(3/941) Mutations in the nebulin gene associated with autosomal recessive nemaline myopathy.

The congenital nemaline myopathies are rare hereditary muscle disorders characterized by the presence in the muscle fibers of nemaline bodies consisting of proteins derived from the Z disc and thin filament. In a single large Australian family with an autosomal dominant form of nemaline myopathy, the disease is caused by a mutation in the alpha-tropomyosin gene TPM3. The typical form of nemaline myopathy is inherited as an autosomal recessive trait, the locus of which we previously assigned to chromosome 2q21.2-q22. We show here that mutations in the nebulin gene located within this region are associated with the disease. The nebulin protein is a giant protein found in the thin filaments of striated muscle. A variety of nebulin isoforms are thought to contribute to the molecular diversity of Z discs. We have studied the 3' end of the 20. 8-kb cDNA encoding the Z disc part of the 800-kDa protein and describe six disease-associated mutations in patients from five families of different ethnic origins. In two families with consanguineous parents, the patients were homozygous for point mutations. In one family with nonconsanguineous parents, the affected siblings were compound heterozygotes for two different mutations, and in two further families with one detected mutation each, haplotypes are compatible with compound heterozygosity. Immunofluorescence studies with antibodies specific to the C-terminal region of nebulin indicate that the mutations may cause protein truncation possibly associated with loss of fiber-type diversity, which may be relevant to disease pathogenesis.  (+info)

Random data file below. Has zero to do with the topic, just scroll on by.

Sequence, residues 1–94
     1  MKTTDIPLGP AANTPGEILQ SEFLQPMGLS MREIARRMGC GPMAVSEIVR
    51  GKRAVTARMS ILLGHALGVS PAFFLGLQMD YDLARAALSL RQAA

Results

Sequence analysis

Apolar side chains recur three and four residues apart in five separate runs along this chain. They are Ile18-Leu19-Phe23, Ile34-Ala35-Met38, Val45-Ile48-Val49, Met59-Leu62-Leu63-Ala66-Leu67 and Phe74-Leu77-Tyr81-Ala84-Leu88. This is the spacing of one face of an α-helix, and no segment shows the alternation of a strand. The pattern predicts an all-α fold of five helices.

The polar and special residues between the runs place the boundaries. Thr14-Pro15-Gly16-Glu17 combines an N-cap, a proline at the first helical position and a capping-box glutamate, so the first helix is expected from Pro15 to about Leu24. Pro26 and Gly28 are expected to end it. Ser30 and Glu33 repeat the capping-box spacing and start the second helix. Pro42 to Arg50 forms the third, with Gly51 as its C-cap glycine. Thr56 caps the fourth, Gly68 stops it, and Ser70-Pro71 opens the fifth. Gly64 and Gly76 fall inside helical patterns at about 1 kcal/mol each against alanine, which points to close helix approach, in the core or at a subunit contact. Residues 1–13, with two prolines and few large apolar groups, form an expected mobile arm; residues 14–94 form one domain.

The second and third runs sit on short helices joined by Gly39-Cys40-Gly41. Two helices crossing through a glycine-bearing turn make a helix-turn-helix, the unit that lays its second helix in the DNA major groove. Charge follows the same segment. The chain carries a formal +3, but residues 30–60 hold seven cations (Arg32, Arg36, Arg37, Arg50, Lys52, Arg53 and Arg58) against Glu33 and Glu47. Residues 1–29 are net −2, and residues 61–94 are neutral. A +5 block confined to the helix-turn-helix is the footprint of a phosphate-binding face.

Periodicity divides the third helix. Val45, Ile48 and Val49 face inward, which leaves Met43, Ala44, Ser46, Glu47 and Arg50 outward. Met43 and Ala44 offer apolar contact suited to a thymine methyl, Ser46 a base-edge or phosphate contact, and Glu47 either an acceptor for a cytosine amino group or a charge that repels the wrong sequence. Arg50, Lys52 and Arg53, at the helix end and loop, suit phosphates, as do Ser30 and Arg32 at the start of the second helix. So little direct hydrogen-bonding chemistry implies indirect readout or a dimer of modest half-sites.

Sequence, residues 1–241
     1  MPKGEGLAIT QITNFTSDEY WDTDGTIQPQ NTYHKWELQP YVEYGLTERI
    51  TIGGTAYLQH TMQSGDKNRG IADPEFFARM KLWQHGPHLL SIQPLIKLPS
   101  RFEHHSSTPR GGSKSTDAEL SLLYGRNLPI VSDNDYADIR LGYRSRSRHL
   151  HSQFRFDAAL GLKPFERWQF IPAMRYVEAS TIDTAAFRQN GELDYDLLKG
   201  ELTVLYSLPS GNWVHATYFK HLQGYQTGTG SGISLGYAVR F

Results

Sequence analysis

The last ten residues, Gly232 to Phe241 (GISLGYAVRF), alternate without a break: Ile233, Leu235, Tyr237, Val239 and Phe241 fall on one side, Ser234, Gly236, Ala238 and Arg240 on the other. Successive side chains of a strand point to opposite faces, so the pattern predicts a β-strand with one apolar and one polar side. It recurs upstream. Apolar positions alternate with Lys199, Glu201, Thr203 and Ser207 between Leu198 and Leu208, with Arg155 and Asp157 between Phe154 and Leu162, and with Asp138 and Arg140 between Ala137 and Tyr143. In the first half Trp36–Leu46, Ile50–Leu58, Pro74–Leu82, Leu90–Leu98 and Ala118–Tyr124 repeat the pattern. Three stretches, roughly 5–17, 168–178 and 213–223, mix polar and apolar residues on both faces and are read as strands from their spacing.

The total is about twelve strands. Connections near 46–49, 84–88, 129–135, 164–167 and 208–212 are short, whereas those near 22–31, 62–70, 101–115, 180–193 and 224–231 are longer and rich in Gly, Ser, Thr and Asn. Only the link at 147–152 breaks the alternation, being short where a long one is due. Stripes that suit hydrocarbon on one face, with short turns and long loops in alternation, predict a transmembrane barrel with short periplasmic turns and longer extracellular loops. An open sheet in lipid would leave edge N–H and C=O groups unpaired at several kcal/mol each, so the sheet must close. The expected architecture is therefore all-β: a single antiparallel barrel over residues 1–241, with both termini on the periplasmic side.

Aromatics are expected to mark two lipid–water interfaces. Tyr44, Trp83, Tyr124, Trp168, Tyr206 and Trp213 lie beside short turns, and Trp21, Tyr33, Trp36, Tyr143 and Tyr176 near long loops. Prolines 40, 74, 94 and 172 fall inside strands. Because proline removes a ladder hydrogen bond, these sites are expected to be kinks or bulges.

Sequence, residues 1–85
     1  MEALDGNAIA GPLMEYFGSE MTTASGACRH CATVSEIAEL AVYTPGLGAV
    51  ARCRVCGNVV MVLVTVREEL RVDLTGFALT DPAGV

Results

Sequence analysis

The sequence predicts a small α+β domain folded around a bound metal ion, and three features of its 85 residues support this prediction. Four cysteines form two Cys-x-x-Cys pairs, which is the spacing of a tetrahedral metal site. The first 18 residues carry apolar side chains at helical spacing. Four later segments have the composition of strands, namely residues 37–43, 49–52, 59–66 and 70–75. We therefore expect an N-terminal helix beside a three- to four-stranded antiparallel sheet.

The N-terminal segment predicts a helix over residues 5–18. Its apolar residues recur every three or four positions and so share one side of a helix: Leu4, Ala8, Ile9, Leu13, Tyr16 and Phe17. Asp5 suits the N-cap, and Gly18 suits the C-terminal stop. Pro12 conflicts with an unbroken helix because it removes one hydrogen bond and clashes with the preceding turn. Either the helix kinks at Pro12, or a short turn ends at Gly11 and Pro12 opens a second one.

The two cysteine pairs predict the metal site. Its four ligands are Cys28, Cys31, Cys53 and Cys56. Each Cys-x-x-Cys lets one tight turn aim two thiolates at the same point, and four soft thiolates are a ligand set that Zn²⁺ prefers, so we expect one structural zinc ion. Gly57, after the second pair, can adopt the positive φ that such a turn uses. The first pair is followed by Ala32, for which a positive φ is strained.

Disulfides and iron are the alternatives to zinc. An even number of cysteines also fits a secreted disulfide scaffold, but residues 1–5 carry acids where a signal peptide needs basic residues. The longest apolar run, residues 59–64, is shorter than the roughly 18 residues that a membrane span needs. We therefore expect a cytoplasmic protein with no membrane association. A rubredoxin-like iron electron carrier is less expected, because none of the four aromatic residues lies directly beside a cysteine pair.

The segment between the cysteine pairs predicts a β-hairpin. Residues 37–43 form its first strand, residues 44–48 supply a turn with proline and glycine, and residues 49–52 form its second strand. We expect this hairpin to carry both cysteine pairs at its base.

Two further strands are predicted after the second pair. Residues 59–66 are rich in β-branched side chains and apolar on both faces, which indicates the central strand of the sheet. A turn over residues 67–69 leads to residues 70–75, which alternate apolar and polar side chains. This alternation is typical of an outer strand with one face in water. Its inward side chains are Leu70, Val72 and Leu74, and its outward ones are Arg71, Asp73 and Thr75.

(4/941) Mutations in the organic cation/carnitine transporter OCTN2 in primary carnitine deficiency.

Primary carnitine deficiency is an autosomal recessive disorder of fatty acid oxidation caused by defective carnitine transport. This disease presents early in life with hypoketotic hypoglycemia or later in life with skeletal myopathy or cardiomyopathy. The gene for this condition maps to 5q31.2-32 and OCTN2, an organic cation/carnitine transporter, also maps to the same chromosomal region. Here we test the causative role of OCTN2 in primary carnitine deficiency by searching for mutations in this gene in affected patients. Fibroblasts from patients with primary carnitine deficiency lacked mediated carnitine transport. Transfection of patient's fibroblasts with the OCTN2 cDNA partially restored carnitine transport. Sequencing of the OCTN2 gene revealed different mutations in two unrelated patients. The first patient was homozygous (and both parents heterozygous) for a single base pair substitution converting the codon for Arg-282 to a STOP codon (R282X). The second patient was a compound heterozygote for a paternal 1-bp insertion producing a STOP codon (Y401X) and a maternal 1-bp deletion that produced a frameshift creating a subsequent STOP codon (458X). These mutations decreased the levels of mature OCTN2 mRNA and resulted in nonfunctional transporters, confirming that defects in the organic cation/carnitine transporter OCTN2 are responsible for primary carnitine deficiency.  (+info)

(5/941) Familial aggregation of blood pressure in a rural Chinese community.